May is National Youth Traffic Safety Month

Teenagers dream about getting their driver’s license.  It is one of the milestones of their life.  However, handing over the car keys to their child is one of the most stressful moments of being a parent. That stress comes from the fact that vehicle crashes are the leading cause of death among 16 to 24 year olds.

May is National Youth Traffic Safety Month and PennDOT is encouraging parents of teenage drivers to review Pennsylvania’s Graduated Driver Licensing law.  The GDL law has been shown to be effective in reducing crashes and fatalities for teen drivers. The GDL lays out restrictions for drivers with a learner’s permit, as well as those with a junior license.

Last year, PennDOT Secretary Leslie S. Richards began delivering personal safety messages to young drivers convicted of moving traffic violations. Driver’s between the ages 16 and 20 who were cited for driving violations received a personal letter from Richards reminding them of the importance of following the law and the consequences of developing bad driving habits so early in their driving experience.

“The issue of young drivers definitely hits home with me as it does with any parent,” Richards said. “If we can save one young driver by my personally reminding them that a violation of traffic laws not only means a ticket, but even more serious consequences, then it is well worth the effort.”


From teaching their kids how to drive and sending them out to drive on their own after they receive their license, parents should take the time to talk with their kids about the many dangers of driving and give them the proper tips and instructions for safe driving.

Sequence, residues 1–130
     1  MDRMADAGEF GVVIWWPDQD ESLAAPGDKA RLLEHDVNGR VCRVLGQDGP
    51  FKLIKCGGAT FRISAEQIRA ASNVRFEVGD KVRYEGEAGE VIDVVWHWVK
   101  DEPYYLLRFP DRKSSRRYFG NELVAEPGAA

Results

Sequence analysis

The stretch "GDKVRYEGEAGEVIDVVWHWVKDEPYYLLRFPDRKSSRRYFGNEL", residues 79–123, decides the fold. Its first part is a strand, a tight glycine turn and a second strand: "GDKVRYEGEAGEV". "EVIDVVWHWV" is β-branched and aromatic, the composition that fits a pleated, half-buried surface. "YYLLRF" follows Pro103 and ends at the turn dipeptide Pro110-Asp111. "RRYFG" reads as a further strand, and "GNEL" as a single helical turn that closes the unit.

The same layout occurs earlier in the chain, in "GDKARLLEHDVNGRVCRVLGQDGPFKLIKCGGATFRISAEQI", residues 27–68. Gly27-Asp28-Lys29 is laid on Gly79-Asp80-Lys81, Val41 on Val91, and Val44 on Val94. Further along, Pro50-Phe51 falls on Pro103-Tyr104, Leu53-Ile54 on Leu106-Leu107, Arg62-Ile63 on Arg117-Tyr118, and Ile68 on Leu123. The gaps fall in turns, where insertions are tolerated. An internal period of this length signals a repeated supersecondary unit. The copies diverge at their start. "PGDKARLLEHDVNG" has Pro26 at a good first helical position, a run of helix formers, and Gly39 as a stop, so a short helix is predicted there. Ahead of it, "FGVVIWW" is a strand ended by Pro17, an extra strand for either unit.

• Set a good example.
  • Make sure they know the rules of the road.
  • Make sure your vehicle is safe and well-maintained.
  • Start out slow and simple, in a low traffic area or a parking lot.
  • Work your way up to more difficult/high traffic driving.
  • Teach them how each of the controls work in the vehicle.  Such as the headlights, hazard lights, turn signals, wipers, etc.
  • Make sure they know what do in different situations such as a flat tire or an accident


  • Always wear your seat belt.
  • Obey the speed limit.
  • Use your turn signals
  • Don’t drink and drive. Drinking under the age of 21 is illegal but driving under the influence significantly adds to the danger.
  • Pay attention to the conditions of the road.  Driving in bad weather is very different then driving in dry conditions.
  • Don’t use your cell phone while driving.
  • Give yourself plenty of time to get to your destination and if you’re late don’t rush.


Get more information on young driver safety at or by visiting Parents Central with resources provided by the National Highway Traffic Safety Association.

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